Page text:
Rejection of North Essex Garden Communities – A bitter blow for making places

The Local Plan Inspector’s rejection of two out of the three North Essex Garden Communities[1] again shines a light on a process that is frustratingly not fit for purpose when applied to new settlements. Even if that place is ripe for growth, makes geographic and economic sense and is promoted by local authorities that are creating a governance framework through which to deliver it.

The failure of the exam question that requires LPA’s to demonstrate how the considerable list of infrastructure items – to support the creation of a new community of some 50,000 people – can be delivered whilst keeping a scheme viable, is crushing the confidence and creativity of place-making enthusiasts.

What sort of places could be created if there was a collective confidence around a bold visionary framework without fear of being asked to show our working for every element stretching into the 3rd, 4th or even 5th decade of delivery? The Government, through the ‘Locally-led Garden Villages, Towns and Cities’ prospectus (March 2016) suggests we could be creating new towns and cities when we push beyond the 10,000 – 15,000 home threshold, but notwithstanding some new large-scale developments that are advancing towards these figures, we have not seen anything of a scale to rival the creation of the original Garden Cities or New Towns.

Never have we as a family appreciated more, the joy of cycling from our front door and into the rich network of cycle paths and leisure routes around Milton Keynes. Each daily trip brings a choice of route, landmark, and destination. Only made possible through ambitious visioning at scale and a robust framework underpinned by sharing development risks and rewards.

It is society that is really missing out and our progress that is inhibited if we can’t find ways to make good places beyond boundaries and housing market areas. If we don’t get to grips with building confidence to plan, invest and deliver at scale, we are restricting our potential to innovate, cultivate and celebrate new places.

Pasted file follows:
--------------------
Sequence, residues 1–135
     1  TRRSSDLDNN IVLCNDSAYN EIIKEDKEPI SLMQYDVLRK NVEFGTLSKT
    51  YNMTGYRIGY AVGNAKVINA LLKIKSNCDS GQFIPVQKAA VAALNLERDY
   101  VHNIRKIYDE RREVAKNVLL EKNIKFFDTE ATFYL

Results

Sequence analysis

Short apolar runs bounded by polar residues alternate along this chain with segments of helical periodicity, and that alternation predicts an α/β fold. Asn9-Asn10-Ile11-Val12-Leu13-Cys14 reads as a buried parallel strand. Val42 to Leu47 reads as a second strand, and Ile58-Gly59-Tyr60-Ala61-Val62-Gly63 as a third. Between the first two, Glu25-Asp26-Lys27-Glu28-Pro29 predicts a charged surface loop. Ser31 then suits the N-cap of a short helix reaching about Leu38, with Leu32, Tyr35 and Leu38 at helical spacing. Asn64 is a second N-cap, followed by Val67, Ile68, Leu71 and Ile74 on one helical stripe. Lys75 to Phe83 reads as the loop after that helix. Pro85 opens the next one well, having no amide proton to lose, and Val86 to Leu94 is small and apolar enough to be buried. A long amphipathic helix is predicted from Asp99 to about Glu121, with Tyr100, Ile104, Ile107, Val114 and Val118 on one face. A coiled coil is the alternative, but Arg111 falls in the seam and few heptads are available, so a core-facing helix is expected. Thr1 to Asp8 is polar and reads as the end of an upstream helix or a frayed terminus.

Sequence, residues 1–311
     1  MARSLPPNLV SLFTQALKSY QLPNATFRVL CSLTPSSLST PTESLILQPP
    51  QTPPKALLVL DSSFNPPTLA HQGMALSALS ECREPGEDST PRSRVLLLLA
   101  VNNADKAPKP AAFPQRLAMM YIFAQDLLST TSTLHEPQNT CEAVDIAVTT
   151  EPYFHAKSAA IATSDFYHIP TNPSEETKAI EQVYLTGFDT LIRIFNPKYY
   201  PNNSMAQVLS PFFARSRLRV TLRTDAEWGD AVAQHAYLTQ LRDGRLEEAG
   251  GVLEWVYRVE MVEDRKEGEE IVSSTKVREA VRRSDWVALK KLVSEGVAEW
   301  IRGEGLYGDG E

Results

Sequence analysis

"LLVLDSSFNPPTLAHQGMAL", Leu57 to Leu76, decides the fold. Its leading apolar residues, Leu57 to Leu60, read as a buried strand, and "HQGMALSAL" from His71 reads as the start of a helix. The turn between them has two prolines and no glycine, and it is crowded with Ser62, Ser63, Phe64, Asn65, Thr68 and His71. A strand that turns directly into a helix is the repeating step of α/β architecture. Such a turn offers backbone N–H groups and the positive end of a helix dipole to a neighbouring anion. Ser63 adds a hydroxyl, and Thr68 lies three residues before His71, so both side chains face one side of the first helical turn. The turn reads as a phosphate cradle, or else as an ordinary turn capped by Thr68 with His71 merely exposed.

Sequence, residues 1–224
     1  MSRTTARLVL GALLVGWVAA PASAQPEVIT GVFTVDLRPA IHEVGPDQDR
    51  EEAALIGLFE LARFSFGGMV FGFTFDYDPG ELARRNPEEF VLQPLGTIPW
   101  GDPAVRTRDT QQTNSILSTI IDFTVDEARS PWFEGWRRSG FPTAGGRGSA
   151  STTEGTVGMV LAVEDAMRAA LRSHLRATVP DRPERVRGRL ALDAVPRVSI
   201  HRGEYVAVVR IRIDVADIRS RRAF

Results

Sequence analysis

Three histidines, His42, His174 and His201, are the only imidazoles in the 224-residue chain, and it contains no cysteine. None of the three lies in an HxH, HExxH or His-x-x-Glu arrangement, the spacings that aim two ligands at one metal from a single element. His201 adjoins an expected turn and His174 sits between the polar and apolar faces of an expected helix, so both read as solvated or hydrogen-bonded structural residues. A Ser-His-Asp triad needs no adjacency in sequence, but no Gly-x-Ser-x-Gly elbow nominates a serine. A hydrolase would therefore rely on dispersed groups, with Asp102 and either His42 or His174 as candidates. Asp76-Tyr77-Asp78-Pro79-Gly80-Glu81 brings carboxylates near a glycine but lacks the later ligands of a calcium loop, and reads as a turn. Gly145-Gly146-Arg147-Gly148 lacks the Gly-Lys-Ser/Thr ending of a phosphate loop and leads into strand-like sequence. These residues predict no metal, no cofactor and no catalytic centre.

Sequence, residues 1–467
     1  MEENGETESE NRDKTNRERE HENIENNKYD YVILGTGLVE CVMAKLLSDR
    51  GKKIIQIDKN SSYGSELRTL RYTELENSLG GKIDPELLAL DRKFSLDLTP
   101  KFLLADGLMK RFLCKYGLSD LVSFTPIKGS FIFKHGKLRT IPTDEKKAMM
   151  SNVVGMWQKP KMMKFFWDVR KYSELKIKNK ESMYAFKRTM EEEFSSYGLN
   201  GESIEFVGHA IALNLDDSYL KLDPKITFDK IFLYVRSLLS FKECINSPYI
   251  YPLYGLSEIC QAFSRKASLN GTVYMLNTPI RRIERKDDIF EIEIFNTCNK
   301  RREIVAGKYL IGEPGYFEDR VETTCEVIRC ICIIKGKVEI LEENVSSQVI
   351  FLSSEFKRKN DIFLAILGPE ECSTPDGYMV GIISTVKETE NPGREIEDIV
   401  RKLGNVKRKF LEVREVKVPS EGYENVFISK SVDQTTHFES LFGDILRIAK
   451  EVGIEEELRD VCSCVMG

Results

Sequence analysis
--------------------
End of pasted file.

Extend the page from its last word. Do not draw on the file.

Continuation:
We are missing out on opportunities to stimulate inclusive economic development; to apply creative and enduring solutions that deal with infrastructure constraints that currently limit growth ambitions; to plan for prosperity where benefits are shared between people and places; to deliver transformational mobility infrastructure; to achieve comprehensive green energy solutions; to invest comprehensively in health, education and social infrastructure; to have choice.

Covid-19 has brought into sharp focus that change can be both planned for, but also forced upon us. The future is uncertain, and we have to mobilise not least to respond to the climate change agenda and wealth and resource inequalities, but also to adapt to societal change and technological and service innovations.

The system we are trying to work within is clearly not delivering the opportunities that it should. The effectiveness of the process can be measured by its outcomes – held accountable to the limitations and compromises of the places it creates. If we are frustrated by the lack of growth and investment certainty, and disheartened by compromises made that are not in the public interest, then it is surely time to change the process so we can give ourselves the best chance. If we don’t, we will be failing so much more than our housing need.